In recent years, we’ve experienced physical access to healthcare facilities being restricted by barriers and lockdowns. In these types of scenarios, remote patient monitoring (RPM) enables healthcare providers to track patients’ health outside of traditional clinical settings. RPM typically involves the use of wearable devices, sensors, or mobile applications to collect patient data and transmit it to healthcare providers for analysis.
The goal of RPM is to allow healthcare providers to monitor patients in real time and detect any concerning trends or abnormalities that may require intervention. This can help improve patient outcomes, reduce hospital re-admissions, and lower healthcare costs by detecting the onset of health issues earlier and providing more personalized care.
High-risk patients, such as those with chronic conditions or who are receiving post-acute care, can benefit from wearable devices to track vital signs, such as blood pressure and glucose levels. As data analytics power alerts and provide suggestions for patient engagement plans, digital health assistants can drive adherence to treatment recommendations to handle individualized care.
3. Administrative Tasks
The patient experience and operational productivity can be improved with AI, RPA, process mining, and data analytics. From my experience, AI and RPA help automate repetitive and time-consuming tasks such as data entry and appointment scheduling so healthcare professionals can spend more time focusing on patient care.
Process mining and data analytics can help with identifying inefficiencies in workflows and processes, supporting data-driven decisions and improving operational productivity. For example, appointment scheduling can be implemented using virtual health bots, such as Microsoft’s Azure Healthcare Bot.
Microsoft’s virtual health bot provides AI capabilities and is very easy to set up. It can be used to detect missing eligibility data. Further, it connects with external applications to gather missing information during the appointment and patient registration process.
Based on my experience working with this Microsoft healthcare bot, here are five steps to assist with proper implementation so you get maximum benefit from the bot:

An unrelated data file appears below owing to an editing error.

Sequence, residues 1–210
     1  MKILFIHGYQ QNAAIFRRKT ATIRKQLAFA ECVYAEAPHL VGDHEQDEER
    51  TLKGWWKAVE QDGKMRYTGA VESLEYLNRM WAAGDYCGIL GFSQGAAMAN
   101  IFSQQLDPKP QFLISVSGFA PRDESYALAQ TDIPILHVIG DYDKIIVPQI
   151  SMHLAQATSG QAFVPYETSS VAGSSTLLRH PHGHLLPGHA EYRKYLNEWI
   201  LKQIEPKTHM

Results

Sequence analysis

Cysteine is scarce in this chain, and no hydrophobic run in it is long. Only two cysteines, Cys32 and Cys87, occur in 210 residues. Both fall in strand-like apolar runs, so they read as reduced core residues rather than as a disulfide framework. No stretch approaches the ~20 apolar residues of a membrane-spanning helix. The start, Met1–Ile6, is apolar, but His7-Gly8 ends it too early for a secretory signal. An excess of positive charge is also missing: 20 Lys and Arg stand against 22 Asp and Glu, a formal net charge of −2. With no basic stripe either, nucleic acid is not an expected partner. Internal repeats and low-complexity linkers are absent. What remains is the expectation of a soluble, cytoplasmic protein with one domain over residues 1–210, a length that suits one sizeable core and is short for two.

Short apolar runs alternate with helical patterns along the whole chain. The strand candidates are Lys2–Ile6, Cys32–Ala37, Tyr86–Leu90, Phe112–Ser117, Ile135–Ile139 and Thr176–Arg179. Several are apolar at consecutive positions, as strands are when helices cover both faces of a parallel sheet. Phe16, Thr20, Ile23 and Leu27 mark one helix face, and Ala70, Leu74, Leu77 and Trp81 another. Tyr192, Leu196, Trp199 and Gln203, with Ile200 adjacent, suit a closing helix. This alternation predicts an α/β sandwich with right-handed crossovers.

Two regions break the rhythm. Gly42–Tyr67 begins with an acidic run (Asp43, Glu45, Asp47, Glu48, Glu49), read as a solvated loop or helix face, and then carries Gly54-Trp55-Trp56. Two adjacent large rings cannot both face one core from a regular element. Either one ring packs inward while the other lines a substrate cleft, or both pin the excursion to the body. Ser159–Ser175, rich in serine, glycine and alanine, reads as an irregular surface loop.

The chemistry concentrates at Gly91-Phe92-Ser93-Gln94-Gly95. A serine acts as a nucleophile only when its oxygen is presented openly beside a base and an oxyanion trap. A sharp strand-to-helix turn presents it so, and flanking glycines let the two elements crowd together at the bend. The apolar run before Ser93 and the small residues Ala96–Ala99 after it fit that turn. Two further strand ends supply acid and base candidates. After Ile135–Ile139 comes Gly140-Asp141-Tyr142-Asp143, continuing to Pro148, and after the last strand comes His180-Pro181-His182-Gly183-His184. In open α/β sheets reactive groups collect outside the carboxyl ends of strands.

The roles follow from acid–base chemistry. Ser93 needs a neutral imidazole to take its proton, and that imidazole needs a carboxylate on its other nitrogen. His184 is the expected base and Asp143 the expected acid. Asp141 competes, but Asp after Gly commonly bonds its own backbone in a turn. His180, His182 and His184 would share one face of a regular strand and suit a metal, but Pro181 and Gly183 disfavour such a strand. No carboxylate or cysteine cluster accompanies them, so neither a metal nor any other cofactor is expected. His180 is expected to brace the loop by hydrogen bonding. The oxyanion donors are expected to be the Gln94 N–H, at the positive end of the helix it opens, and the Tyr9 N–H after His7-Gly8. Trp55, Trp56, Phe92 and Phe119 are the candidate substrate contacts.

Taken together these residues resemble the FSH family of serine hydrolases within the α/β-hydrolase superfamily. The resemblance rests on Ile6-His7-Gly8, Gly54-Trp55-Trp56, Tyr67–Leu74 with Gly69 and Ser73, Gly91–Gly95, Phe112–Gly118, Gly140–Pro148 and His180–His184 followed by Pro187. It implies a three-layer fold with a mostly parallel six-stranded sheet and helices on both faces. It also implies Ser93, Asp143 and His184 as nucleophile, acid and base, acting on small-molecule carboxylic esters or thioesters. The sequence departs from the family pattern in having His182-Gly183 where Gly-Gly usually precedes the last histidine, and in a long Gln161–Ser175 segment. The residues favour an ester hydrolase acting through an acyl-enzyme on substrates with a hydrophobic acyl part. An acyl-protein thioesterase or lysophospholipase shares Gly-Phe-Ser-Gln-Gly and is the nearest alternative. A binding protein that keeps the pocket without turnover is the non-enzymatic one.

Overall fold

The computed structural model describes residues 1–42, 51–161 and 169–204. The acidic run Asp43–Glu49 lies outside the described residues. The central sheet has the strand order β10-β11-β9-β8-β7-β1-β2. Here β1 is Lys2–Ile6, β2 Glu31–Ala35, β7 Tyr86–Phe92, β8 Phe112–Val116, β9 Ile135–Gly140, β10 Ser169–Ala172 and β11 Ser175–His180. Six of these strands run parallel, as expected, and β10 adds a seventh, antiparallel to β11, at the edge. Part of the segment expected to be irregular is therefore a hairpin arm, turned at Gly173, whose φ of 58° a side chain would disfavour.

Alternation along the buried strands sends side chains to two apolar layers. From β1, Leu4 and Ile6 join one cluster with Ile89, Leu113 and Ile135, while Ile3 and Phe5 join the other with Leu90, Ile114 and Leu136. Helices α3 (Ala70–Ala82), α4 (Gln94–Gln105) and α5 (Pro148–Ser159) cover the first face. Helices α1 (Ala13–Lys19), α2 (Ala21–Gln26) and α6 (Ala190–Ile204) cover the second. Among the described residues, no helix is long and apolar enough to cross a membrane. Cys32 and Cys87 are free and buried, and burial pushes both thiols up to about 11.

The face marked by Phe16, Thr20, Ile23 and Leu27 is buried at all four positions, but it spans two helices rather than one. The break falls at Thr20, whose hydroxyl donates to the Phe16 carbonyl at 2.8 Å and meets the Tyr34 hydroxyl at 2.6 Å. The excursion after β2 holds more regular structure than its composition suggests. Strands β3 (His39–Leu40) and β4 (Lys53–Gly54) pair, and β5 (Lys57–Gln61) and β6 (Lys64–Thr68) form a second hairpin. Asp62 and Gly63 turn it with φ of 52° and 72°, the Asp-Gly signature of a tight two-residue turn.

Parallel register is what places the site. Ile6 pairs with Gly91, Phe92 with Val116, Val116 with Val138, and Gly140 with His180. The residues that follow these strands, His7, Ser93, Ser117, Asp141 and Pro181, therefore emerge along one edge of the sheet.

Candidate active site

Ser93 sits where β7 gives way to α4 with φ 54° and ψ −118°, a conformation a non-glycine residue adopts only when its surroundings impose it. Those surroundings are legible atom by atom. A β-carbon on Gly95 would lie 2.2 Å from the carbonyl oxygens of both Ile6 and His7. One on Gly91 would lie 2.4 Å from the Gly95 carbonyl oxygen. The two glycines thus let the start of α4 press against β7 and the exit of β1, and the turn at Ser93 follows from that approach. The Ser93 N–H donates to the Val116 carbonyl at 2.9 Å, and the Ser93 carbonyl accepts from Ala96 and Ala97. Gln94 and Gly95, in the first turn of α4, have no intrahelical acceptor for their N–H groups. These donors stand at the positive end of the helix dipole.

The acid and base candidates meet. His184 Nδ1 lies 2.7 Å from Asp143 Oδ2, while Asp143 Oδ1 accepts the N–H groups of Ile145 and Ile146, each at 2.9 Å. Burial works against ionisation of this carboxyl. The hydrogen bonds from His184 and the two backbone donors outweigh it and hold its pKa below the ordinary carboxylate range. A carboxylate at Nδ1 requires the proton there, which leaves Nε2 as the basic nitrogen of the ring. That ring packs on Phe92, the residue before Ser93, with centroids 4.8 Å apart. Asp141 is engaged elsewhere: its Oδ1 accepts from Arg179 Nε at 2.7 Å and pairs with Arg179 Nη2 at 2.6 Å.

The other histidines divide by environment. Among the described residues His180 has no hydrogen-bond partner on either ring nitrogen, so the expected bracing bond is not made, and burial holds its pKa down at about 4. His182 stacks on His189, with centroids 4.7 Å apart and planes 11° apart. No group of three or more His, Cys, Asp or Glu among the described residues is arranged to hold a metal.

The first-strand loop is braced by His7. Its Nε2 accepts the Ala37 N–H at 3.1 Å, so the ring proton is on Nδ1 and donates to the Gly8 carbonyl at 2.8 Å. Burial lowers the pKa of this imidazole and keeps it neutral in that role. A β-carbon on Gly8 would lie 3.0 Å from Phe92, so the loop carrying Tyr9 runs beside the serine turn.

- Define the use case: This could include tasks such as appointment scheduling, symptom checking, medication management, and more.
- Develop the bot: Use Microsoft’s Bot Framework to build and train the bot. This involves defining the bot’s conversational flows, developing natural language processing capabilities, and integrating the bot with relevant back-end systems such as EMR systems.
- Deploy the bot: Deploy the bot to the desired platforms, such as the organization’s website, mobile app, or messaging.
- Test and refine: Test the bot in a controlled environment to ensure it is functioning as intended. Refine the bot’s responses and workflows based on user feedback and data analysis.
- Scale and maintain: As usage of the bot increases, scale the bot to meet demand. Monitor the bot’s performance and regularly update it with new features and capabilities.
4. Supply Chains
In supply chains, coordinating the flow of goods and services from suppliers to customers can be a complex and time-consuming process. In the healthcare industry, the supply chain is responsible for the timely delivery of various materials.
AI algorithms are used to analyze demand patterns and forecast future demand, enabling organizations to optimize their inventory levels and reduce waste. Automation is also used to streamline the procurement process, reducing the time and effort required to order and receive goods.
Hyperautomation is rapidly becoming more of a necessity than a novelty in many industries. In healthcare, not only is hyperautomation improving efficiency as part of the industry’s rapid transformation in response to the pandemic, but it is also having a beneficial effect on patient treatment and health outcomes.
In healthcare, hyperautomation can give businesses new ways to deliver measurable business value through significant operational improvements and ROI. When it comes to day-to-day operations in the healthcare sector, such as patient registrations, notifications, and recommendations, this technology can be of assistance to many departments within healthcare organizations. With increased use of AI and automation, more organizations will experience improved outcomes, including reduced dependence on human labor and improved precision.